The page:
Even after accounting for the Nasdaq's big rally, game developers have had a pretty good run this year.

Activision Blizzard Inc.'s (ATVI) - Get Activision Blizzard, Inc. Report   is up 84% on the year, while Take-Two Interactive Software Inc.  (TTWO) - Get Take-Two Interactive Software, Inc. Report  is up 124%. And Electronic Arts Inc.  (EA) - Get Electronic Arts Inc. Report  is up 36%, even after a major gamer backlash to Star Wars: Battlefront II and its heavy reliance on micro-transactions drove a major selloff. 

This column has been updated from Oct. 12 with updated info about the 2017 performance of gaming stocks, analyst estimates and recent results for Activision and its plans for the Overwatch League.

Enthusiasm about some big late-2016 and 2017 game launches, such as EA's Battlefield 1 and Activision's Destiny 2, have contributed to this run-up. But the larger factor, from all signs, is how markets have figured out just how much the addressable market for top-tier game developers has been growing, and will likely continue to do so, thanks to a pair of significant trends:

    The average console/PC gamer is spending more of his or her leisure time playing games. In the U.S, the average amount of time spent on consoles by users rose 32% from Q2 2014 to Q1 2017 (source: Statista).

    The amount of revenue that developers are collecting getting each year from the average gamer is growing as gamers get more hooked on value-added digital services. SuperData Research estimates global digital video game revenue rose 11% annually in August to $7.9 billion, and previously forecast the market would grow 12% to $105 billion in 2017. The growth of the mobile gaming market, where EA, Activision and Take-Two claim a smaller combined share, is one reason for this, but by no means the only one.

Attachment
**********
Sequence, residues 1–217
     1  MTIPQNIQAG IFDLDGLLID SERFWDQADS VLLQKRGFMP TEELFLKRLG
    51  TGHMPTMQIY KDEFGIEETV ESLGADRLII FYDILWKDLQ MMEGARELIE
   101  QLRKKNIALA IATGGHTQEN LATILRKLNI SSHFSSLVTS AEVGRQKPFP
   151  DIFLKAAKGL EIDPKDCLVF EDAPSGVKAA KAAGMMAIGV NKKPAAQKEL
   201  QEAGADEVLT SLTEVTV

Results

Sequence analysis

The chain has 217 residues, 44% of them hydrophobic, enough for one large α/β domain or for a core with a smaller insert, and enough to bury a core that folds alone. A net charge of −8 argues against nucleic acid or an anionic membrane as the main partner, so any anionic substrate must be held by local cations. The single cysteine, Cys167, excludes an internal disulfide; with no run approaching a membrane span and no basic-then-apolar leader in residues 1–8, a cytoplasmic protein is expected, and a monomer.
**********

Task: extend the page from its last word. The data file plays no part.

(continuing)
Activision's recent numbers serve as a good case study for the impact of both of these trends. The company's "subscription, licensing and other" revenue, which covers things such as game subscription, digital content purchases and product royalties, rose 16% over the first 9 months of 2017 to $3.6 billion, more than offsetting a 9% drop in "product" revenue -- driven by traditional game sales, boosted in 2016 by the launch of Overwatch -- to $1.37 billion.

    The non-product growth comes even though Activision's King Digital mobile gaming unit -- responsible for the Candy Crush franchise -- is contending with a declining user base. In spite of King's issues and tough Q4 comparisons, analysts on average see Activision's revenue rising 6% this year to $6.98 billion, and another 6% next year to $7.42 billion. Free cash flow, meanwhile, is expected to total $2 billion this year and $2.1 billion next year.

    Those aren't stunning growth rates, but they do show how digital service growth and rising user engagement rates have put to rest fears that the traditional gaming industry would stagnate as mobile gaming continued growing.